Pakistan

A news article that surfaced on social media earlier this week has shocked the people with its grisly details of an alleged tradition in rural Sindh of raping Indus dolphins, a subspecies of freshwater river dolphin found in the Indus river.


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The article titled “Disgusting tradition of having sex with blind dolphins in Sindh” was published in Urdu blog HumSub.

“Disgusting tradition of having sex with blind dolphins in Sindh,” says the article title. (Source: humsub.com.pk)
“Disgusting tradition of having sex with blind dolphins in Sindh,” says the article title. (Source: humsub.com.pk)

The author of the article alleges that the locals are well aware of the tradition but don’t dare to condemn it as it is a well-established tradition of the area and has been widely practised.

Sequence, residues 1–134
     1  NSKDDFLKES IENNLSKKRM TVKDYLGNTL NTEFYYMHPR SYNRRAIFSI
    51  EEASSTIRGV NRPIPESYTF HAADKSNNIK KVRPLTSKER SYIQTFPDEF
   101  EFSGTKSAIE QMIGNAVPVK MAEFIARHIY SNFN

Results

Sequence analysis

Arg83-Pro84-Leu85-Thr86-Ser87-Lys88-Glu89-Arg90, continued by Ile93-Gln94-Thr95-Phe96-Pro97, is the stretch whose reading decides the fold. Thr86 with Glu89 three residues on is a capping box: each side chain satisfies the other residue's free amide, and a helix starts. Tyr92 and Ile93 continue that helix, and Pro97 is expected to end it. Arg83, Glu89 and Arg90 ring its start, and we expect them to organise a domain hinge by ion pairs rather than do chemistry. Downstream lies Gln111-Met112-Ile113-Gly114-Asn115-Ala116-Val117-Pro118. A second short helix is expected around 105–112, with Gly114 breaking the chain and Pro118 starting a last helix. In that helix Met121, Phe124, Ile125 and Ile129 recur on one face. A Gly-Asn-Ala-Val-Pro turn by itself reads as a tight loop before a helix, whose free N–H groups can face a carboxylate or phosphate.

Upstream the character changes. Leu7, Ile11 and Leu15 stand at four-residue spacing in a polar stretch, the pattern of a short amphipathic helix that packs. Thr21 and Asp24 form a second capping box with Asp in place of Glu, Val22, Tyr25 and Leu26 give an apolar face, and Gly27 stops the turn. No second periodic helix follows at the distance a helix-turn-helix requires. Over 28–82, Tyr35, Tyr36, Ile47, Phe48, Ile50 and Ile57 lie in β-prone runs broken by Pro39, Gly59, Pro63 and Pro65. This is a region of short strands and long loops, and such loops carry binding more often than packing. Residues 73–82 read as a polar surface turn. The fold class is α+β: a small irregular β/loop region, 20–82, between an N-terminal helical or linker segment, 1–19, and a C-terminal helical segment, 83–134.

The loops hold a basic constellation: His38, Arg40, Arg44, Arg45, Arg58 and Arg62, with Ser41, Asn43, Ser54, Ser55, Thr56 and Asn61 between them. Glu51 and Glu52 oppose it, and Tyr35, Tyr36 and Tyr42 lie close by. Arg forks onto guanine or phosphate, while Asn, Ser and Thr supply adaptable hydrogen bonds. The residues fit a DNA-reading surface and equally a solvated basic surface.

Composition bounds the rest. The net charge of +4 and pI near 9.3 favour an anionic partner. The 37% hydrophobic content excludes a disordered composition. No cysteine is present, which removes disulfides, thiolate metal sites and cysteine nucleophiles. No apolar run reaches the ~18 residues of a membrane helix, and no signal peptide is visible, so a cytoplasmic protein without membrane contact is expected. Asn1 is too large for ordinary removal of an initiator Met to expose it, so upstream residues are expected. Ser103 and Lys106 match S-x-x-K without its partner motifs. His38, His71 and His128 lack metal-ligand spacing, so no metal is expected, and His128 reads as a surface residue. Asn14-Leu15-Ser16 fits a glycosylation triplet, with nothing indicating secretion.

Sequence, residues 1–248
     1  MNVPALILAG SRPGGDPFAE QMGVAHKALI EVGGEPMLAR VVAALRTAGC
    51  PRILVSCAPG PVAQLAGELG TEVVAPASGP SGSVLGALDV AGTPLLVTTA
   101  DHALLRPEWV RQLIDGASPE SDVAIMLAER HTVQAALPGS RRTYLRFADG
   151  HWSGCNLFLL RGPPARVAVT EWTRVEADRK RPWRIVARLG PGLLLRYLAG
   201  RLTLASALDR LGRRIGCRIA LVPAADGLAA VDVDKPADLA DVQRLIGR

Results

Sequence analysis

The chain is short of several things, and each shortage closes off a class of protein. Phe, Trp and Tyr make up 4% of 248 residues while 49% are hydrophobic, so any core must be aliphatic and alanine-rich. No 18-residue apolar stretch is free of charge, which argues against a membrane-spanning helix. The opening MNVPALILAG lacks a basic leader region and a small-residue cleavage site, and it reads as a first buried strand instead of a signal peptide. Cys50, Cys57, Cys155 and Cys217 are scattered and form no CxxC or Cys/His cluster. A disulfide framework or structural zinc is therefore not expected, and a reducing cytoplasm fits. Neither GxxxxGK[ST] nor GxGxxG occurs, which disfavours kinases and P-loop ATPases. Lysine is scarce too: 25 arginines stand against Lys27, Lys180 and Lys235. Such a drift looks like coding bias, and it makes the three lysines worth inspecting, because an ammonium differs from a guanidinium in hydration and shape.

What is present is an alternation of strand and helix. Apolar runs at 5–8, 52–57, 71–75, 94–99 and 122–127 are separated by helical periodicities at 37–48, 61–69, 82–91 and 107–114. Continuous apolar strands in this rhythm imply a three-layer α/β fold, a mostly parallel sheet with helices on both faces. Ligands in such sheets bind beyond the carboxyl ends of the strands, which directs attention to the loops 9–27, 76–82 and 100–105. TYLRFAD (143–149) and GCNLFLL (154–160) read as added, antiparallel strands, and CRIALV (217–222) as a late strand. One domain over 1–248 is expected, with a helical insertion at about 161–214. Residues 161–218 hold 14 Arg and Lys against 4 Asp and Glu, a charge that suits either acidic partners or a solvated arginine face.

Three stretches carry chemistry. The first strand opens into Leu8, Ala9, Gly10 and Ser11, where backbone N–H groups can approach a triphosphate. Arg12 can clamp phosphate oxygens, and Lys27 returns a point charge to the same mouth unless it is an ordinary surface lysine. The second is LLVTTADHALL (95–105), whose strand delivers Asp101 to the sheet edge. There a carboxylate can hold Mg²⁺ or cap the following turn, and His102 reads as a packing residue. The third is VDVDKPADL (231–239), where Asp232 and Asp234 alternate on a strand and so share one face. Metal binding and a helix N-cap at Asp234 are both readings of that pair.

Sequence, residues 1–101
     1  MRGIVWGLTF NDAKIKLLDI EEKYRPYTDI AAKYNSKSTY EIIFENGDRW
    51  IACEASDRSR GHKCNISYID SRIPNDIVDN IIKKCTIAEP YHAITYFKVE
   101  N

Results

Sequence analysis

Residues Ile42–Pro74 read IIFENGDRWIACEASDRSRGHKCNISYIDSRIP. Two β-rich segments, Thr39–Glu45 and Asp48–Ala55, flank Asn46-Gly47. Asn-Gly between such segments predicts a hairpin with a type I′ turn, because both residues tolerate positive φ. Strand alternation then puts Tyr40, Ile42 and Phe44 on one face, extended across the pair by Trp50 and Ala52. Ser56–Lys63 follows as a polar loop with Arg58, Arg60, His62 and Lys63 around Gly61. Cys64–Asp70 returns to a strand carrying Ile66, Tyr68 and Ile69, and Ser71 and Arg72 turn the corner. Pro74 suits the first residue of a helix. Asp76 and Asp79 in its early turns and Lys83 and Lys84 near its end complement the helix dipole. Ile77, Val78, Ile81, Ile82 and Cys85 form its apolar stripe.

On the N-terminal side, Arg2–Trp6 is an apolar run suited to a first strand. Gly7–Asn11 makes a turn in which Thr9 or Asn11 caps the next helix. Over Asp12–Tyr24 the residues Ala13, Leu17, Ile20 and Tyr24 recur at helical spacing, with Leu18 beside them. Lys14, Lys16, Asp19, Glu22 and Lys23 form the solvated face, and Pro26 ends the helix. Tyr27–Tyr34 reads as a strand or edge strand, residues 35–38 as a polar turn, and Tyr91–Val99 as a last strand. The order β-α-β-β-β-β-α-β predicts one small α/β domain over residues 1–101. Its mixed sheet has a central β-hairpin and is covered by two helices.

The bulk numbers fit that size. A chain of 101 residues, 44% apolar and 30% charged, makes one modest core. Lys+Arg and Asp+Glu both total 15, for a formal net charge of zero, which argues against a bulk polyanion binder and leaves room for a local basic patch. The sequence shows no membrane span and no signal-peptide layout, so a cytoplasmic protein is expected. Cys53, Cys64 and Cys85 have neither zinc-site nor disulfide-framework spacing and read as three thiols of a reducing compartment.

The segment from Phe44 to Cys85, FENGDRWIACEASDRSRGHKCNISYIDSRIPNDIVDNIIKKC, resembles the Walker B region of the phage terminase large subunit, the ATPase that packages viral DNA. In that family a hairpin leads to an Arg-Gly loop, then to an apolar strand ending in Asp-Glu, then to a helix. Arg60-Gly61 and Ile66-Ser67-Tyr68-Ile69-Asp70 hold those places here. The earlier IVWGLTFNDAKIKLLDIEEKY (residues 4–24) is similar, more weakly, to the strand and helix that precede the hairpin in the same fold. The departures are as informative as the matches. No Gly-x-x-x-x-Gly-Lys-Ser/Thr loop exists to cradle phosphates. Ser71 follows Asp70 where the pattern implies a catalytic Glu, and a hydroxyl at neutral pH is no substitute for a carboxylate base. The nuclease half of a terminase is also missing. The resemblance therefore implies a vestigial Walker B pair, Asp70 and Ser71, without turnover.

“The locals liken Dolphin’s genitals to the sexual organ of women,” the article adds. It goes on to allege that the extinct species is not only endangered by the polluted water but also because of sexual assault.

However, in the wake of all the bizarre claims of the article, no person from the area has confirmed the authenticity of the claims. Furthermore, the locals have expressed reluctance to believe it saying the tradition seems to be an unheard of new phenomenon.

The Islamabad-based author claims that he was informed by some locals from the rural Sindh, but lacks concrete evidence for his claims.

Earlier this week, a WWF-Pakistan and Sindh Wildlife Department team safely released a stranded Indus River dolphin into the main river.

The 42-inch-long female dolphin was spotted by locals stranded in Wassand Wah, a minor tributary of Warah Canal in Larkana. The locals, while considering the urgency, translocated the dolphin to comparatively deeper waters in a nearby fish pond as an immediate response to avoid its stranding-induced mortality. They later informed media and Sindh Wildlife Department officials. The rescue team carefully captured the dolphin following standard rescue protocols and transported it in a sound proof ambulance to release it in the Indus River at Sukkur Barrage upstream.